For those of us with a lot of pets, finding a photo booth for pets can seem impossible. But there are a few ways to capture the fun moments between your pet and your family without breaking the bank.
Using props can add an extra touch of fun to a standard photo booth session. Use a basket of treats as a prop, or create a cute background by hanging a small curtain off your backdrop and having your pet stand on it. For extra fun, ask each member of the family to wear a similar-colored top (such as a striped shirt) and then add some color contrast with different-colored pants.
Try a different approach.
Instead of spending lots of money on fancy props and a professional backdrop, you can use simple materials. Try using a large piece of foamboard, covered in fabric, or paint two small pieces of foamboard in coordinating colors and have your pet sit on one piece while your child sits on the other. For an even more budget-friendly option, set up a simple backdrop from cardboard or poster board. If you need to buy a backdrop, consider using one of those inexpensive photo backgrounds made for kids.
Find a place that suits the pet
To maximize fun and save money, look for a location that allows pets and kids to play together. Consider a local park, zoo or museum with animals and hands-on exhibits for kids, or a nature preserve with birds and squirrels. Also, make sure there are plenty of comfy couches, blankets, pillows, snacks and toys to keep your pet entertained while you snap photos.
The location is one of the most important things when taking photos with your pets. You need to make sure that they feel comfortable and at home in their environment because it can really affect how they behave during the shoot.
Make Sure Your Pet Is Comfortable During the Shoot
Another thing that you need to think about is how comfortable your pet feels during the photo shoot. As we mentioned above, this will greatly affect how they behave during the shoot as well as how they look in their portrait images afterwards!
Choose the themes
Let your family decide on a theme to coordinate the photo shoot. Or, create your own theme. Tell your children and pet that they will be able to choose props and clothing, or let them dress up as characters from their favorite movie. Be sure to include some fun photos of the pets and kids together in the past.
Bring along some Treats
You can’t expect your pet to sit still and look at the camera if they don’t get something in exchange for their cooperation. As long as you’re not trying to take photos of your dog while they’re eating (which could be dangerous), bringing along some treats is a great way to keep them focused on what’s important — you!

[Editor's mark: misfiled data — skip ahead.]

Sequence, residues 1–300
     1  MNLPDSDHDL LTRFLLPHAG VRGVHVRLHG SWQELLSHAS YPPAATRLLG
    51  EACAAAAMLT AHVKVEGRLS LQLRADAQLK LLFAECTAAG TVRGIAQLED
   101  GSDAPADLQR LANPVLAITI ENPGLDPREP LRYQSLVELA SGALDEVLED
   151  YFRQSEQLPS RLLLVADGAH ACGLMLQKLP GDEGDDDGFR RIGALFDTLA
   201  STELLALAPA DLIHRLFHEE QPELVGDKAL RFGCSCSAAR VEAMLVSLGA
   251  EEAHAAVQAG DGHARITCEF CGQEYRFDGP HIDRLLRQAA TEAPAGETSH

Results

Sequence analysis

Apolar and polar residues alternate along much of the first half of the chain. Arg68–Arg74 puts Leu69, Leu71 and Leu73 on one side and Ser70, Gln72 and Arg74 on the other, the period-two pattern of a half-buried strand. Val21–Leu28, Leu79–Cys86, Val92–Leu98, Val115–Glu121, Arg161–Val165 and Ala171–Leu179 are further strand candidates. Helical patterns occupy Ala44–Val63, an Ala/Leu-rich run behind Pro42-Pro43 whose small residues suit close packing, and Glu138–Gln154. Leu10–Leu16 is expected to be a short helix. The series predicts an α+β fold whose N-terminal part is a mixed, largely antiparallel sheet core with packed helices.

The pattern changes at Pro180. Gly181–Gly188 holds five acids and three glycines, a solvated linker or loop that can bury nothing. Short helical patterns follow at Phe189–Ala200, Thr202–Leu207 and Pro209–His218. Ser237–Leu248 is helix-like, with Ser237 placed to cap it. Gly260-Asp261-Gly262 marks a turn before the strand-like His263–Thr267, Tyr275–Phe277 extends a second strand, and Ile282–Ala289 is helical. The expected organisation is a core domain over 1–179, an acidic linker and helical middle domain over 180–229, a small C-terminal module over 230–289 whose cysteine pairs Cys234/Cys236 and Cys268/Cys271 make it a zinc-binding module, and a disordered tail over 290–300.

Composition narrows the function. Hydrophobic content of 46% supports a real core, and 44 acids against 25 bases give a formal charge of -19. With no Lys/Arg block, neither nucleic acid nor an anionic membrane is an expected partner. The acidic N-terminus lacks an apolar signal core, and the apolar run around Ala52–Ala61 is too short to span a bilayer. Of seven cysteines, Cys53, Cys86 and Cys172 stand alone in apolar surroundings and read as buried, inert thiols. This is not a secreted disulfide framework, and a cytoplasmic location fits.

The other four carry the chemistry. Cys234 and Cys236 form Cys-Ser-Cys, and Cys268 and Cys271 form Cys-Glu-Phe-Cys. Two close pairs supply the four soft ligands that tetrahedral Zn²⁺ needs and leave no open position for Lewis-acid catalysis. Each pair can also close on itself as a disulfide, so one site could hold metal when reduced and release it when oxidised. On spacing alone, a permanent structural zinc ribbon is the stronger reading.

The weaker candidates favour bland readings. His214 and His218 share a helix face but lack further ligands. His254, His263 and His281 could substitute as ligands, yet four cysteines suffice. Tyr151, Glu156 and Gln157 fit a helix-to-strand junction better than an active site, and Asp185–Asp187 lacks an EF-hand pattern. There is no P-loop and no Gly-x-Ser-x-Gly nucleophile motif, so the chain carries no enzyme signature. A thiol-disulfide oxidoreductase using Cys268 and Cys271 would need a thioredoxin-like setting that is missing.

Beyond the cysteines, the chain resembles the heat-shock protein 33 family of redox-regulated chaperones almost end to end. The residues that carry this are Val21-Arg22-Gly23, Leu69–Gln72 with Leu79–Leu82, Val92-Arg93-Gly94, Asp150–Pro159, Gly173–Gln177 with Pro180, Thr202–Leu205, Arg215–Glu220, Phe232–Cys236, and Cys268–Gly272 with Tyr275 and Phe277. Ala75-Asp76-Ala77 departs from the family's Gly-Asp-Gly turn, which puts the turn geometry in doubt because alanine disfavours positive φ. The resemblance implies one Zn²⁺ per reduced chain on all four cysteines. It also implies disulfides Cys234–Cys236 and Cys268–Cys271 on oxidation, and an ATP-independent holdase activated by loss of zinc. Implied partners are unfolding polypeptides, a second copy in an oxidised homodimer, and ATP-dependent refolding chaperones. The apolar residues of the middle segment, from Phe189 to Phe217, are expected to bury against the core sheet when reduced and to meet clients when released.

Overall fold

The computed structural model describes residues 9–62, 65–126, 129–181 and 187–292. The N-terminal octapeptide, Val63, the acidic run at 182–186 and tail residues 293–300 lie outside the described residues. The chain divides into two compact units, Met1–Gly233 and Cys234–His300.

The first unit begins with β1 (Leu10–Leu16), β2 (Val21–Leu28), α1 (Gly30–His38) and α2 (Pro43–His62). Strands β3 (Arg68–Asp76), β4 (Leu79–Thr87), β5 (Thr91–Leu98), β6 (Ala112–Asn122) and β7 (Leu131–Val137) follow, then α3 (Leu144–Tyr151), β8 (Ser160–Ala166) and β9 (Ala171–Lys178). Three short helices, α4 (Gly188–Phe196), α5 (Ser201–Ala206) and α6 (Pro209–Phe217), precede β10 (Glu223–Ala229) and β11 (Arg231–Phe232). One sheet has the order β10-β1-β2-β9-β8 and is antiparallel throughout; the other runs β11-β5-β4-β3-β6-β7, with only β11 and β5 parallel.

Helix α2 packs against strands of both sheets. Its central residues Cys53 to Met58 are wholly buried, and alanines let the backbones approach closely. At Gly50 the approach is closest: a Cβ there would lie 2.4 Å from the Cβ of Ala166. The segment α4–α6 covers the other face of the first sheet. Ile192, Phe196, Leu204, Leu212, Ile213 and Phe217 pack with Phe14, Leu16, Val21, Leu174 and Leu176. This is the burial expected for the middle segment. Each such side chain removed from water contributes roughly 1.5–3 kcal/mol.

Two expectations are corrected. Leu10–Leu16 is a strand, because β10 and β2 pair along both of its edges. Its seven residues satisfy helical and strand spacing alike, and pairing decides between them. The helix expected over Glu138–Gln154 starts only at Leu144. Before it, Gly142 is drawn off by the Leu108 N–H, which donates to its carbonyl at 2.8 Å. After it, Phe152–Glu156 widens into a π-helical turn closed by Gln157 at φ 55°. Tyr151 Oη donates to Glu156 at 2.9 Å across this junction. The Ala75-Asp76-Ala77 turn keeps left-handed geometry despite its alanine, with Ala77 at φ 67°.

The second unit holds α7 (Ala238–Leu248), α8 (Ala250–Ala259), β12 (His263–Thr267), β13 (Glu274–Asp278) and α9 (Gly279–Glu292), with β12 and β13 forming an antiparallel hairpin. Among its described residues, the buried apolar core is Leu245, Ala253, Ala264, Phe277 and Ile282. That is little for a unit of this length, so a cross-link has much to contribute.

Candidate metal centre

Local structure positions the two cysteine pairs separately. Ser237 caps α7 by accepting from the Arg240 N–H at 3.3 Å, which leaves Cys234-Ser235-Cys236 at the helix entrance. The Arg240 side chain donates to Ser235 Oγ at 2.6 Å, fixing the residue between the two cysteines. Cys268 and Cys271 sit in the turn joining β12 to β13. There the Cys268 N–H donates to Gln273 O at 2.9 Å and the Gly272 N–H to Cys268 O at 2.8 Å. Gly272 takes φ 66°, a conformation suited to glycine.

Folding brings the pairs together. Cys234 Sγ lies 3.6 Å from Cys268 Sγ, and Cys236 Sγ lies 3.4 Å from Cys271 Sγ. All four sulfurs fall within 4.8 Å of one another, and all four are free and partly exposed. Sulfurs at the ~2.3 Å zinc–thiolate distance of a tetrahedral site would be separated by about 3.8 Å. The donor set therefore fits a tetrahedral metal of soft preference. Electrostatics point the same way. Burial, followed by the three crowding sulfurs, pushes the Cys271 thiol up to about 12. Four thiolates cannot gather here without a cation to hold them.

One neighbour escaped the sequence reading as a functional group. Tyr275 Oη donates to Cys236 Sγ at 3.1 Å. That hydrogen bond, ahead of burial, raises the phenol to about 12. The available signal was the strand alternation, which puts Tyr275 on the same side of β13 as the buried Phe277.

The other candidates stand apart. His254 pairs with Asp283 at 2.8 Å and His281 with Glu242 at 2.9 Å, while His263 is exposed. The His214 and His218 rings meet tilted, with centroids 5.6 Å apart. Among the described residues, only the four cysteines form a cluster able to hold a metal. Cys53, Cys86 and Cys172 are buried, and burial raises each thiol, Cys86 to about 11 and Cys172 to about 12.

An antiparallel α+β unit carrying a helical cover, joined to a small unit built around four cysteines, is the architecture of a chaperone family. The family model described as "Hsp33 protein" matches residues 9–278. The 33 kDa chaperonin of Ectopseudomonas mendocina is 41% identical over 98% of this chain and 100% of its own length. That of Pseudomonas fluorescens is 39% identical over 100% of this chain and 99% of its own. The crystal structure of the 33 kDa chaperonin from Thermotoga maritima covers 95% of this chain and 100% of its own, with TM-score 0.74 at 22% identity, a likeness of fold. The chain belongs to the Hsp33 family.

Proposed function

Take lots of pictures!
Even if your pet isn’t cooperating right away, keep taking pictures anyway! You might be surprised by all of the cute moments you capture when you least expect them (and maybe even after an hour of trying).
Photograph pets in natural light
A good way to ensure your portraits look great is to photograph your pet in natural light, without flash. This works best if your camera has a built-in flash. If your camera doesn’t have a built-in flash, use a separate flashgun, but check that your flash can reach your subject (it shouldn’t be too far away). If your flash isn’t working, or your camera is old, you can still create some stunning images using natural light.
Use a white background
Set your camera to shoot in RAW mode, so you can later edit the image to remove any unwanted colour cast. Choose a neutral white background, such as a wall or window. Set your white balance so the background is pure white.
Make sure you use a tripod
Choose a fast shutter speed – one-half of a second or less – to freeze the action of your pet. Also, set your lens aperture wide open (f/2.8 or larger) so your depth of field is as shallow as possible. Finally, make sure the camera is level.
If you are planning on taking more than one portrait, set your timer and switch to auto-focus mode. Then turn the timer off and zoom in to your subject so it is clearly in focus. When your timer goes off, quickly set the shutter speed back to 1/2 second. Repeat this until you have a series of images.
Take several shots of your subject
Keep taking pictures of your pet until you have 10 or 12 images, which are all clear and sharp. Then pick the ones you like best.
Change your settings
Once you have taken your photographs, experiment with different shooting modes. You can choose between aperture priority, manual, program, and P, Tv, Av, M, Av, where P stands for program, Tv for TV, Av for aperture, and M for manual. To experiment, set your lens to apertures of f/2.8 or smaller and a shutter speed of 1/15 or slower. For example, you could try setting your camera to Av (aperture priority), Tv (shutter priority), and M (manual) and choose an aperture of f/3.5 and a shutter speed of 1/30. If you choose to use auto-focus, make sure your subject is as close as possible to the focus point. If your subject gets too close to the focus point, your camera may decide it needs to focus on a completely different object.
Try different techniques, and let your pets show their personality. Play with your pet’s fur, brush its ears, and tickle it. Have some fun with your pet, and let it know you are having fun too.